DOWNTOWN BROOKLYN — Closed for more than two decades, the Brooklyn War Memorial in Cadman Plaza Park could reopen with a new visitor center, event space and a restored Wall of Honor, Borough President Eric Adams said Tuesday .
His office has secured only part of the $11.8 million needed for the renovation of the Downtown Brooklyn memorial, which has been closed because it doesn't comply with the American with Disabilities Act.
"It is ironic that many of our veterans who are experiencing physical disability cannot occupy or use this space," Adams said at a news conference on the eve of Veterans Day. "I'm going to ensure that the job is finished."
Veterans praised the efforts to finally reopen the War Memorial and make it accessible to Brooklyn residents for events and educational programs.
Roy and Jack Vanasco grew up in Fort Greene and served in the Navy and Army respectively between 1939 and 1947. The brothers said they often see buses filled with tourists stopping near the park but ignoring the massive War Memorial.
"They don't even know what the building is," said Jack Vanasco, 88, who was an army corporal.
The rainy Tuesday announcement began with an honor guard from the U.S. Air Force in front of the War Memorial that's dedicated to the Brooklyn men and women who served during World War II.
The memorial was first dedicated in 1951 but the final vision for the building was never fully realized because of lack of funding, according to the Department of Parks and Recreation's website.
The Vanasco brothers are "more than hopeful" that they're finally going to see the memorial reopened to the public to honor the more than 11,500 names etched onto the walls.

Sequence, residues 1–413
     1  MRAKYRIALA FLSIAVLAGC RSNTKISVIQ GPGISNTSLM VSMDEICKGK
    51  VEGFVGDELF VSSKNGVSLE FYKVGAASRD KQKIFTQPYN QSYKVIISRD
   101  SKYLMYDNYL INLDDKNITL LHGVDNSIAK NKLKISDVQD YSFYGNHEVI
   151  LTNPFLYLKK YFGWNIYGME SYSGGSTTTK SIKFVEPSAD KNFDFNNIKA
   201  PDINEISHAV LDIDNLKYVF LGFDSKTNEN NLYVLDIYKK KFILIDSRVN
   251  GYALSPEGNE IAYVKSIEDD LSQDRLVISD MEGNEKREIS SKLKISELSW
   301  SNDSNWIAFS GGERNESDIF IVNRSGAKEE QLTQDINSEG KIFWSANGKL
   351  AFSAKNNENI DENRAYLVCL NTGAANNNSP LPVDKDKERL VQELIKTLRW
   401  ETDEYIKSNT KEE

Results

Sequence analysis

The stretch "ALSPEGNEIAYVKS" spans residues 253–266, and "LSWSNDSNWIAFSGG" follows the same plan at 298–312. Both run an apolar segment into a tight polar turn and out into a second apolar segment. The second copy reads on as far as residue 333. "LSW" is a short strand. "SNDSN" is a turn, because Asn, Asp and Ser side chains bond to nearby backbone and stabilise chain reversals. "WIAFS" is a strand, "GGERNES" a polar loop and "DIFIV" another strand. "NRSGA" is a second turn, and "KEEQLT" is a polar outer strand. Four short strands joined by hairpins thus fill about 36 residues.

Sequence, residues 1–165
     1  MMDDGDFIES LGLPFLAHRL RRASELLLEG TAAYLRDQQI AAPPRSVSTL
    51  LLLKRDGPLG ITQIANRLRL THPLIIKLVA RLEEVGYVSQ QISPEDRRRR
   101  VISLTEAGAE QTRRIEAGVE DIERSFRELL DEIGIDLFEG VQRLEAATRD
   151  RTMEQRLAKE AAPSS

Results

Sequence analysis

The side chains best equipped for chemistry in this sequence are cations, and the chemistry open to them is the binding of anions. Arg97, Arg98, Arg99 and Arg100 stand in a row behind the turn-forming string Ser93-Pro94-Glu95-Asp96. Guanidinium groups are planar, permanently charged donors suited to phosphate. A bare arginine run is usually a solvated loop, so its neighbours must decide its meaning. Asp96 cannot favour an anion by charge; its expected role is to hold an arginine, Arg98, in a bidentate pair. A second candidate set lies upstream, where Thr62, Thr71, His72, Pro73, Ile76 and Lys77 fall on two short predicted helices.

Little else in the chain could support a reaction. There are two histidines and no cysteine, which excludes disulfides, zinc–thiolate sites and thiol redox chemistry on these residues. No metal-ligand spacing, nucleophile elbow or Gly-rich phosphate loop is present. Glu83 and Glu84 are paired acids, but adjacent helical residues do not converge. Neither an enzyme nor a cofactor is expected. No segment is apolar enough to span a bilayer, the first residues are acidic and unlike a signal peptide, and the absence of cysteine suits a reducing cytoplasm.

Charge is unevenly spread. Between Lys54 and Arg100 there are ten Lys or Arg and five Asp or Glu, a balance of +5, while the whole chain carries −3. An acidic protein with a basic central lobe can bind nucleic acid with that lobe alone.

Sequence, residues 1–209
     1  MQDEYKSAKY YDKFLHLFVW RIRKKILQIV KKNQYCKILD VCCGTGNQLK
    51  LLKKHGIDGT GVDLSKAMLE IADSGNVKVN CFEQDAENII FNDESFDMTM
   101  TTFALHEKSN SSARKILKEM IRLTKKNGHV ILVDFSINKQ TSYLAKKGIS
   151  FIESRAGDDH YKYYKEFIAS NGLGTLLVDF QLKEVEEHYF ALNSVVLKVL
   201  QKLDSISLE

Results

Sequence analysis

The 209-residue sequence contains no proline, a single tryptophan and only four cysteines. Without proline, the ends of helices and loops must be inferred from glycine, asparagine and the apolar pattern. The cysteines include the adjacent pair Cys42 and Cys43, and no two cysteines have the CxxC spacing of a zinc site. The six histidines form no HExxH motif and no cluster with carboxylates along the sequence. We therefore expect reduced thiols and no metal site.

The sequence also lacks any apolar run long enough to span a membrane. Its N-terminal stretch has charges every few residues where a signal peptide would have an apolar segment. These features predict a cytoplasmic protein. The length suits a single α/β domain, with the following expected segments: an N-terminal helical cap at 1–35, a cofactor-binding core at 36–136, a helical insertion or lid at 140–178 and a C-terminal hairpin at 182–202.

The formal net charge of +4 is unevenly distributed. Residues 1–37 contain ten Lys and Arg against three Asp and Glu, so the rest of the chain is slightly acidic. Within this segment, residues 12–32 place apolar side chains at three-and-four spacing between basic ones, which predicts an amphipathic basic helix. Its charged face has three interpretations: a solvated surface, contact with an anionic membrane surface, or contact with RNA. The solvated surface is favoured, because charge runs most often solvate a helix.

They held up a 2003 article of the New York Harbor Watch, which showed them alongside their two other brothers John and Joe, who also served in World War II. Roy and Jack currently own a Myrtle Avenue store, All Appliance Parts.
"I'm going to be 90 and Jack's two years younger than me, and we want to see it open," said Roy Vanasco.
"We want to open up those two iron-steel doors," he said, "and enjoy the company of all those names that are on that wall."
The renovation to the War Memorial will include a visitor and exhibition center, a roof terrace, an event space, a new elevator and a restoration to the "Wall of Honor."
Adams also announced a $3.8 million effort to landscape the surrounding green space and a restoration to Cadman Plaza Park that will cost $3.5 million.
The borough president has allocated $1 million to the renovation and an extra $500,000 to landscaping as part of his 2016 capital budget, he said.
Further funding for the renovation is still required. Officials estimated at least two years before the project is completed.
The War Memorial renovation is part of a larger initiative — announced in 2014 by Mayor Bill de Blasio — called "the Brooklyn Strand," a series of projects designed by WXY Architecture that seek to connect parkland and plazas.
Adams envisioned the renovated War Memorial as the centerpiece of the future Brooklyn Strand, he said.
"Those 25 years have really sent the message that we must finally ensure that this memorial is open," Adams said.